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It was bound to happen eventually. Today, Sigma is announcing something that has us very, very excited. The new Sigma 24mm f1.4 DG HSM Art lens is their latest prime offering for full frame DSLRs (Canon, Nikon and Sony) and joins the 35mm and 50mm art lenses as the trinity for street photographers.

So what’s got us so excited? According to the summary of the press release, “The lens achieves a maximum magnification of 1:5.3 with a minimum focusing distance of 9.8 inches.” Additionally, the 24mm incorporates both “F” Low Dispersion (FLD) glass and Special Low Dispersion (SLD) glass, has an optical formula 15 elements in 11 groups which the company claims to help to minimize chromatic aberration of magnification especially in the edge of the image field, and has aspherical elements placed near the rear of the lens. Finally, the lens has manual focus overrride even when the autofocus is activated.

There is no official word on pricing yet, but all of Sigma’s primes have won Editor’s Choice awards from us.

And that’s not all that Sigma is announcing today.

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Today, Nikon is announcing a brand new version of the Nikon D810: it’s being coined as the Nikon D810A and is targeted at Astrophotography. The secret behind the camera is a modification for the infrared cut filter for the hydrogen alpha wavelength–and it really targeted at both pros and hobbyists.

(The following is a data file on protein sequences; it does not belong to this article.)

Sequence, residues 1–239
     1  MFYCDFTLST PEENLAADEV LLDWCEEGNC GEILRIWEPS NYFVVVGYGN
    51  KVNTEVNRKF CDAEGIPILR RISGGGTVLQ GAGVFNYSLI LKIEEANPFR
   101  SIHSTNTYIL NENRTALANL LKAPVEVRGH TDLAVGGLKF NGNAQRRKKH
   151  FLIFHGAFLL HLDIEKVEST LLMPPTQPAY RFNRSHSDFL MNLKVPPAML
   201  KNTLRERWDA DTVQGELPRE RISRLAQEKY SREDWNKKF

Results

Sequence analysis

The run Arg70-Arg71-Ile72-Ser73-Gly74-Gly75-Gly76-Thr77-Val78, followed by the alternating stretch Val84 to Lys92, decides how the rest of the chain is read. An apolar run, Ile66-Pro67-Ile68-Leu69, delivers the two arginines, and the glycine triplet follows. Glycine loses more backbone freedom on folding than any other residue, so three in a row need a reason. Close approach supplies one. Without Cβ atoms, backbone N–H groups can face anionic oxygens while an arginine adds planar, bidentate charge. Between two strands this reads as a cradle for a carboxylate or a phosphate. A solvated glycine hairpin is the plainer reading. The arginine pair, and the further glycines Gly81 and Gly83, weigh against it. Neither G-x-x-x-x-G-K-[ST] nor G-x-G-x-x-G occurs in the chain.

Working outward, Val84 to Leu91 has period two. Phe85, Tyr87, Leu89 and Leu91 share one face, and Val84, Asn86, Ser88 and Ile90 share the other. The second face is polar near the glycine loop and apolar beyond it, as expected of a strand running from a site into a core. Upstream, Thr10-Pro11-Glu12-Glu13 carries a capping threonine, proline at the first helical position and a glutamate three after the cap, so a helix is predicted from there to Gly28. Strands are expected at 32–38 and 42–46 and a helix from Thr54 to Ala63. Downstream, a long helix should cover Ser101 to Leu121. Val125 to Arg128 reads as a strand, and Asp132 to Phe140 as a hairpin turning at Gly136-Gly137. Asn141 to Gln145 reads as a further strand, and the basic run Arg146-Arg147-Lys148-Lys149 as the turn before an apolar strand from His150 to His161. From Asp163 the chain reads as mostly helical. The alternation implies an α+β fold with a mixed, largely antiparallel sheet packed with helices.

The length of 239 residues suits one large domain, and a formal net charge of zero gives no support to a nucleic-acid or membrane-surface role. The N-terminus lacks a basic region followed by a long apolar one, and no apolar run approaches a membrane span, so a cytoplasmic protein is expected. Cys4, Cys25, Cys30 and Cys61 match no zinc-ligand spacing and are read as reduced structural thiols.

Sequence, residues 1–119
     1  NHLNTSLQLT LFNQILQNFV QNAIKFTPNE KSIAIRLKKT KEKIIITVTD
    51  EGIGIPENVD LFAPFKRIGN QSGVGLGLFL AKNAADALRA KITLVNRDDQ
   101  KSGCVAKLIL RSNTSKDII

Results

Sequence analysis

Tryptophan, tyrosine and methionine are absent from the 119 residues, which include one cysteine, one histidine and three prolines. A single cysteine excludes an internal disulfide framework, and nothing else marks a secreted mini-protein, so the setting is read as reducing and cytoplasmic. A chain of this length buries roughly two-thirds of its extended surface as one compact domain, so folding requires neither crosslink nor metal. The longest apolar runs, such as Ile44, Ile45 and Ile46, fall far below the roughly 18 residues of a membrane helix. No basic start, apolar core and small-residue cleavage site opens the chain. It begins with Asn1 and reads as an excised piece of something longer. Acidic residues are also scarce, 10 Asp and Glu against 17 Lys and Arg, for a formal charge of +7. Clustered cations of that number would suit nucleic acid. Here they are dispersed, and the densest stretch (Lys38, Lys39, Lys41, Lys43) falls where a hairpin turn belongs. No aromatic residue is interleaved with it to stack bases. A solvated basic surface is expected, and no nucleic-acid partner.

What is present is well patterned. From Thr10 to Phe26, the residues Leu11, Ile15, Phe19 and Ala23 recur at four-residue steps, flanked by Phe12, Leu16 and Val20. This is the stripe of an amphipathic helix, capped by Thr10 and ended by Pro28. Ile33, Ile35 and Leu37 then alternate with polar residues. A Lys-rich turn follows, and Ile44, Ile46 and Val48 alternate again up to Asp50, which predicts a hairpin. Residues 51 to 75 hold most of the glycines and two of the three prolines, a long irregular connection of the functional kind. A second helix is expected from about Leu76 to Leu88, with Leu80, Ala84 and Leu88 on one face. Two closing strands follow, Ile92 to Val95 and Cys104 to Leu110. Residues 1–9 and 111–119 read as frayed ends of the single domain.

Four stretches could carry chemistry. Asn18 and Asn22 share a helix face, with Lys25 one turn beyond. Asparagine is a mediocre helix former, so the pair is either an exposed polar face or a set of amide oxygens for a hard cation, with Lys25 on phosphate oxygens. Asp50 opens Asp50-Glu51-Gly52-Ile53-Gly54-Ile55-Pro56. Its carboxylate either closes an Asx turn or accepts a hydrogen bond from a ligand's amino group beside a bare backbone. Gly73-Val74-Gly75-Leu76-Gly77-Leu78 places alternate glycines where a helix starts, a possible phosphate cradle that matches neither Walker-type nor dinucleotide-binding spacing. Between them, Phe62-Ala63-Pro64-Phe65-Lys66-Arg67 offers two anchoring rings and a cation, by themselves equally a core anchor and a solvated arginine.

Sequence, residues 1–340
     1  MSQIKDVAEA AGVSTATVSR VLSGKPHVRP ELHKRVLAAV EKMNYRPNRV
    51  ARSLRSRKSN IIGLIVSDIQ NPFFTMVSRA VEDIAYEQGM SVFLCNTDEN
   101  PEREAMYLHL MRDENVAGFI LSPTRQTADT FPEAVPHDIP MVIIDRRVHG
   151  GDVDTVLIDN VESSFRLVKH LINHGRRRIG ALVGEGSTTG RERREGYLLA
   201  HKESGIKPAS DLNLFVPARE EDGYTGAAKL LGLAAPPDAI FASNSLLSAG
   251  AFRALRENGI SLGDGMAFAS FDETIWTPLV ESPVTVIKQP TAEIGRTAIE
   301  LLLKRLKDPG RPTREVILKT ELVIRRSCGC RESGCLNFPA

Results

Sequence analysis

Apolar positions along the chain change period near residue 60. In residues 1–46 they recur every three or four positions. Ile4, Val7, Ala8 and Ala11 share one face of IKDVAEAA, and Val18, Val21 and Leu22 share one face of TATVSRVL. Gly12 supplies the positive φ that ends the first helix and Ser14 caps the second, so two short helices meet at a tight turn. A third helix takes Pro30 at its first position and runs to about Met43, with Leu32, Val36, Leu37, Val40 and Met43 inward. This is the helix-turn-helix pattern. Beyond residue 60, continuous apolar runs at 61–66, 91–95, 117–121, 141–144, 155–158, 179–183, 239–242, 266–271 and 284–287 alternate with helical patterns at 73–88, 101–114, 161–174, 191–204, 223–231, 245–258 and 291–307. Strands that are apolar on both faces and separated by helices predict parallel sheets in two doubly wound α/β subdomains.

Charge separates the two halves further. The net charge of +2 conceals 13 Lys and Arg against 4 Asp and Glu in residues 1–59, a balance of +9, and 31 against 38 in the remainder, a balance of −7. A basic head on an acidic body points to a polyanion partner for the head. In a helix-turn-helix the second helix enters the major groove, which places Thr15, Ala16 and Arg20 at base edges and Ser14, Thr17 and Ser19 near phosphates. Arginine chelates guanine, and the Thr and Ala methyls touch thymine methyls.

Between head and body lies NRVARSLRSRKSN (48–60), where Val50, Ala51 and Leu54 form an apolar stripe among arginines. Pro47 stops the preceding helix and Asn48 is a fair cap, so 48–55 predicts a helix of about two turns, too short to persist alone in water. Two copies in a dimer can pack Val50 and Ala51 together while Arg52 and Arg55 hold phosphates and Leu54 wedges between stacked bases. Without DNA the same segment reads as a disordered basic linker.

According to the press release:

“The infrared (IR) cut filter has been optimized to allow transmission of the hydrogen alpha spectral line, resulting in four times greater sensitivity of the 656nm wavelength. The resulting images capture the brilliant red hues of diffuse nebulae and constellations in striking detail and fidelity. While not recommended for general photography, the D810A is an excellent option for photographing the universe with either NIKKOR lenses or third-party adaptors for telescopes.”

And while that is quite enough as it is, Nikon is packing in even more features for astrophotography. There is a new long exposure manual mode, has the same ISO sensitivity from 200-12,800, and adds a new visual exposure preview mode. At its heart is still a 36.3 MP CMOS sensor with an electronic first curtain shutter mode to minimize vibrations when shooting subjects like this.

Additionally, Capture NX now has a new Astro Noise Reduction feature.

Pricing will be announced later and availability will be late May 2015. Specs are after the jump.

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Chris Gampat The Phoblographer Olympus 25mm f1.8 review product images (1 of 6)ISO 4001-160 sec at f - 2.2

We’ve got to give it to Olympus–despite the fact that Sony seems to have the larger overall mirrorless camera market share, Flickr’s most popular mirrorless camera for 2014 was the Olympus OMD EM5. Who can blame you when the current price is only $599. This camera is the one mirrorless camera that seemingly changed everything. It had a retro SLR style camera body, great image quality that holds up even today, fast focusing, and pretty much all of the features that a photographer will need.

In fact, I still use mine.

The report from Flickr, which was published last month and referenced by company reps in conversations with the Phoblographer, shows that the EM5 was not only popular last year but also for 2013. Yes, we’re talking about gear here, but it also means that the camera is solid enough to still be a popular option. In fact, the Canon 5D MK II and Canon Rebel 600D are still popular DSLR options amongst the community.